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Intersections of Citizenship and Race/Ethnicity in Federal Sentencing: Unwarranted Disparities in Incarceration and Sentence Length

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Abstract:

In light of the theoretical and research gap in exploring unwarranted disparity stemming from an offender’s citizenship status, the present study formulates a theoretical framework and uses the 2006 federal sentencing data to assess the independent and interactive effects of citizenship status and race/ethnicity on the likelihood of incarceration and sentence length. Specifically, this paper examines the between-group relationship in terms of citizenship status and the within-group relationship in terms of race/ethnicity. We employ conflict theory to explain the effects of citizenship status and typification theory to explain the effects of race/ethnicity. Threat hypotheses embedded in the two theories are used to understand the interactive relationship of citizenship and race/ethnicity. Findings indicate that federal judges tend to view noncitizens as an entire group, regardless of their race/ethnicity, and sentence noncitizens more harshly because of social threat they pose. Findings provide stronger support for conflict theory than for typification theory. The double-threat (or double-disadvantage) hypothesis is not supported.
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Association:
Name: ASC Annual Meeting
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http://www.asc41.com


Citation:
URL: http://citation.allacademic.com/meta/p372992_index.html
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MLA Citation:

Wu, Jawjeong. and DeLone, Miriam. "Intersections of Citizenship and Race/Ethnicity in Federal Sentencing: Unwarranted Disparities in Incarceration and Sentence Length" Paper presented at the annual meeting of the ASC Annual Meeting, Philadelphia Marriott Downtown, Philadelphia, PA, Nov 04, 2009 <Not Available>. 2014-11-28 <http://citation.allacademic.com/meta/p372992_index.html>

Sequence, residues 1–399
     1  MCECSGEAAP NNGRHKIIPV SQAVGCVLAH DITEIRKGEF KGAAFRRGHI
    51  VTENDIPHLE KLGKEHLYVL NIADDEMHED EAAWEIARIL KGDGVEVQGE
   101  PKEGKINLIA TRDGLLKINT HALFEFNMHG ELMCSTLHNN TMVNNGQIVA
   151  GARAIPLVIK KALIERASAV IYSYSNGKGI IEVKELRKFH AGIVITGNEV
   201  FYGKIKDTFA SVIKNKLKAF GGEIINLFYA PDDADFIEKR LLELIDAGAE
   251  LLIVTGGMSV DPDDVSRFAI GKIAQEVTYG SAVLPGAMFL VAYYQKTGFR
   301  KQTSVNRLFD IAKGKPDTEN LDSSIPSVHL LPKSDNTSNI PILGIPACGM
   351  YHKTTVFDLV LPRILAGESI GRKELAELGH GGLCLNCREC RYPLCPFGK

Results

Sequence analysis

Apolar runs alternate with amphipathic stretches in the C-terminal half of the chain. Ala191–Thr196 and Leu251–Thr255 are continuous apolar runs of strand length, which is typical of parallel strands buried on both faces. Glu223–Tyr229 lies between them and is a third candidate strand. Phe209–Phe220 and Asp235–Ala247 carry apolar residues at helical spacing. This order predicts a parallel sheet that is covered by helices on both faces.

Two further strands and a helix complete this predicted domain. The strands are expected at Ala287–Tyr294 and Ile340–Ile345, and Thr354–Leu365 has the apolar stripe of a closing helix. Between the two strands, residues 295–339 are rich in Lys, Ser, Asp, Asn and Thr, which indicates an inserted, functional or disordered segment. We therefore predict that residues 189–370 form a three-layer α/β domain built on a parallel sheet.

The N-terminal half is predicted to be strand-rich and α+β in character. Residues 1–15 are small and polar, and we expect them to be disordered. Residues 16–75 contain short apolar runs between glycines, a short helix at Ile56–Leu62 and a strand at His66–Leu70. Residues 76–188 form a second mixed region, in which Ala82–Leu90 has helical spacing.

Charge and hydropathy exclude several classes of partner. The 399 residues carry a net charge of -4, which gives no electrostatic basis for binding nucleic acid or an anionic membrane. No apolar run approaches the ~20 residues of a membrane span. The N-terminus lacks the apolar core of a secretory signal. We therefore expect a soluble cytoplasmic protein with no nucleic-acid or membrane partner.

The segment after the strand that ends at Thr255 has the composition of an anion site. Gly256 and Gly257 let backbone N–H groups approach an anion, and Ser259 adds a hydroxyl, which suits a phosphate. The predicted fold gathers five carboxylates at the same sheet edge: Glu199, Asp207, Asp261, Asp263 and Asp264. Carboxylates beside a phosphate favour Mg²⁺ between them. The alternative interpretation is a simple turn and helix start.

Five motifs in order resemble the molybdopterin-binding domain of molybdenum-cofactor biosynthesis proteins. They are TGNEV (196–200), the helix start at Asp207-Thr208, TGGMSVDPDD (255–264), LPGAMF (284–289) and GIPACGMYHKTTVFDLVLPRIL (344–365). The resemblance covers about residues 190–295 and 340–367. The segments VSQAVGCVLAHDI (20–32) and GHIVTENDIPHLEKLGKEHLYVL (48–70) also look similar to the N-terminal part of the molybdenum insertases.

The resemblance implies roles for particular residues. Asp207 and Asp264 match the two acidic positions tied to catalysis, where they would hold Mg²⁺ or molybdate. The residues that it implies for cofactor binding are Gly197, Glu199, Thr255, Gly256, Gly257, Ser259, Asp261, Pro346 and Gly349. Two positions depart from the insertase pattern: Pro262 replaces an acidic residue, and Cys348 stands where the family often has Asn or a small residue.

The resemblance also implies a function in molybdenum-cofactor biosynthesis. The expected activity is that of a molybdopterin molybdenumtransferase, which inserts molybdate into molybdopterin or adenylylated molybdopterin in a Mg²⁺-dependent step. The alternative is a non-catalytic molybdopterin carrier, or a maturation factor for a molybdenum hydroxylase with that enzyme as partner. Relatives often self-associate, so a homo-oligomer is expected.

APA Citation:

Wu, J. and DeLone, M. A. , 2009-11-04 "Intersections of Citizenship and Race/Ethnicity in Federal Sentencing: Unwarranted Disparities in Incarceration and Sentence Length" Paper presented at the annual meeting of the ASC Annual Meeting, Philadelphia Marriott Downtown, Philadelphia, PA <Not Available>. 2014-11-28 from http://citation.allacademic.com/meta/p372992_index.html

Publication Type: Conference Paper/Unpublished Manuscript
Review Method: Peer Reviewed
Abstract: In light of the theoretical and research gap in exploring unwarranted disparity stemming from an offender’s citizenship status, the present study formulates a theoretical framework and uses the 2006 federal sentencing data to assess the independent and interactive effects of citizenship status and race/ethnicity on the likelihood of incarceration and sentence length. Specifically, this paper examines the between-group relationship in terms of citizenship status and the within-group relationship in terms of race/ethnicity. We employ conflict theory to explain the effects of citizenship status and typification theory to explain the effects of race/ethnicity. Threat hypotheses embedded in the two theories are used to understand the interactive relationship of citizenship and race/ethnicity. Findings indicate that federal judges tend to view noncitizens as an entire group, regardless of their race/ethnicity, and sentence noncitizens more harshly because of social threat they pose. Findings provide stronger support for conflict theory than for typification theory. The double-threat (or double-disadvantage) hypothesis is not supported.


Similar Titles:
Citizenship Status in Federal Criminal Sentencing: An Examination of Defendants' Country of Origin and Sentencing Disparities

The Intersection of Citizenship Status and Ethnicity in Federal Sentencing

Fast Track Programs and Unwarranted Sentencing Disparity: Prosecutorial and Judicial Discretion in Federal Immigration Cases


 
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